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Ferguson protests in NYC

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“This aint’ no place for tourists tonight.”

On Monday, Nov. 24, a Missouri grand jury decided that the officer involved in the shooting of a young black male in Ferguson, MO would not be indicted over the killing. The decision led to a swarm of protests across the country.

Darren Wilson, a 28-year-old white police officer of the Ferguson Police Department, fatally shot Michael Brown, an 18-year-old black male on Aug. 9 of this year.

On the night of the jury’s decision a crowd gathered beneath the lights of Times Square in New York City.

Their hand-held and professionally printed placards were dominated by the flashing wall-to-wall advertisements of Times Square, but certainly made their standpoint on the issue clear, reading “Racism Kills,” “Unarmed Civilian,” and “Hands Up, Don’t Shoot.”

“This ‘ain’t no place for tourists tonight,” said one by-stander. Declining to give his name, the 20-something black male held a sign that read “Black Lives Matter.”

The tension in the air that night was not helped by the line of NYPD cops who stood face-to-face with the protestors. As the group chanted, “How do you spell racist? N – Y – P – D,” the police stood silent and straight-faced.

As the rally moved from Times Square to the streets of New York City, their numbers had increased, as had the presence of police. As the protestors continued to yell various melodic chants against the American judicial system, the police followed behind in cars and on foot.

“This ‘ain’t no place for tourists tonight,” said one by-stander.
“This ‘ain’t no place for tourists tonight,” said one by-stander.

The following night in N.Y.C saw more protests. At approximately 8:30 p.m. that Tuesday evening, a group of around 1,000 people managed to shut down the FDR highway in Manhattan. With one side blocked off by the police and free of traffic and the other congested with cars, the rally had a captive audience.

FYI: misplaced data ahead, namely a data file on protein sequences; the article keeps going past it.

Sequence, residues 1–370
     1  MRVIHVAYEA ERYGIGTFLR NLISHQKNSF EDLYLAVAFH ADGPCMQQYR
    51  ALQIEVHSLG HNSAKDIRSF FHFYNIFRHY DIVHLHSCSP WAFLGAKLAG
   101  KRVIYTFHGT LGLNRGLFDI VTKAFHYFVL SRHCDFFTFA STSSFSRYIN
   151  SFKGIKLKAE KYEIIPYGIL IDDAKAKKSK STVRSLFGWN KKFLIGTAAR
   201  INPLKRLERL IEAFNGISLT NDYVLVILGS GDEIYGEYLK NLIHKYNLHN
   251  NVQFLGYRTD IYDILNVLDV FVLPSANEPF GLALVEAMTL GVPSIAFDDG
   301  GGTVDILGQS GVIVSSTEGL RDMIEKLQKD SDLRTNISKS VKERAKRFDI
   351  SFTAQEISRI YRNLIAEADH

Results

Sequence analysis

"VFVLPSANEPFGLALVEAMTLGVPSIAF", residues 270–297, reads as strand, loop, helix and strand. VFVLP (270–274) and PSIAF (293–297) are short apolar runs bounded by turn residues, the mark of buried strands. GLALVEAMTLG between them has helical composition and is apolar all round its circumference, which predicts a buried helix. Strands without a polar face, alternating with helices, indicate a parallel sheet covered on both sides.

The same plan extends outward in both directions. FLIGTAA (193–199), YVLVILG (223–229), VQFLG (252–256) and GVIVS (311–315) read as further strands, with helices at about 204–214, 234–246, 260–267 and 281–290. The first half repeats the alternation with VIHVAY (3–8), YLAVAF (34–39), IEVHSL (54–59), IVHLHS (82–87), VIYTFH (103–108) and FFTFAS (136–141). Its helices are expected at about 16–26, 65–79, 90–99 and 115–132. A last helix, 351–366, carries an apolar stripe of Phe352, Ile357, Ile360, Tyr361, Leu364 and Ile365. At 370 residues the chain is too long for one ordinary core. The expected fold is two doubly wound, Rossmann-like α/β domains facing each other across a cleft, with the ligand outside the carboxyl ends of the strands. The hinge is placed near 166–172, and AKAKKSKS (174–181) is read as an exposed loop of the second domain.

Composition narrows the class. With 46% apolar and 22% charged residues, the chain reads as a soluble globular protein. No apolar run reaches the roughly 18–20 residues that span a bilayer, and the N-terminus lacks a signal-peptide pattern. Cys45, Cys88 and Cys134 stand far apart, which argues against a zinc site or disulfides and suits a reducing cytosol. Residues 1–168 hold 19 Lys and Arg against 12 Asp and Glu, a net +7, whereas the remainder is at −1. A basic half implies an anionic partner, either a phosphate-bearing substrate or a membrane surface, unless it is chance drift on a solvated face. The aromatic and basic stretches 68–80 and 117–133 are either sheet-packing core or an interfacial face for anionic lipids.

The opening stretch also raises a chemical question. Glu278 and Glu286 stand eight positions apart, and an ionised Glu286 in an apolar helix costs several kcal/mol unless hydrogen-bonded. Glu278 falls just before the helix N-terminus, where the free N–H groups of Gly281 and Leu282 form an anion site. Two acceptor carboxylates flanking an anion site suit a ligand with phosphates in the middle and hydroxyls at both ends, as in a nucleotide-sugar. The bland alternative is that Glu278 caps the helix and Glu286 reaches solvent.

Police riot vans tried to push through the traffic with a megaphone, and police helicopters swarmed overhead.

As the protestors reignited their chants and powered through the empty highway, some jumped the median to other side to interact directly with the passengers of the stopped cars. One young black male laid down in between cars, forcing them to stop.

One cab driver, who did not want to be named, was initially worried about how long the protest would keep him locked on the highway.

“I want to get home. This is rush hour and I’m losing money,” he said.

But he was ultimately taken by the atmosphere, and proceeded to climb on top of his cab and join in with the shouts of “no justice, no peace, no racist police.”

Every driver and passenger got out of their vehicles to watch the parade, if only to momentarily get back in to honk their horns in either support or frustration at being trapped on the road.

Perhaps the most interesting aspect of the two protests was the mix of people who were involved in the rally.

There were white people, there were black people. There were women with children, businessmen in suits, students in skinny jeans and the elderly in winter coats. People from all walks of life participated in the New York City Ferguson protest.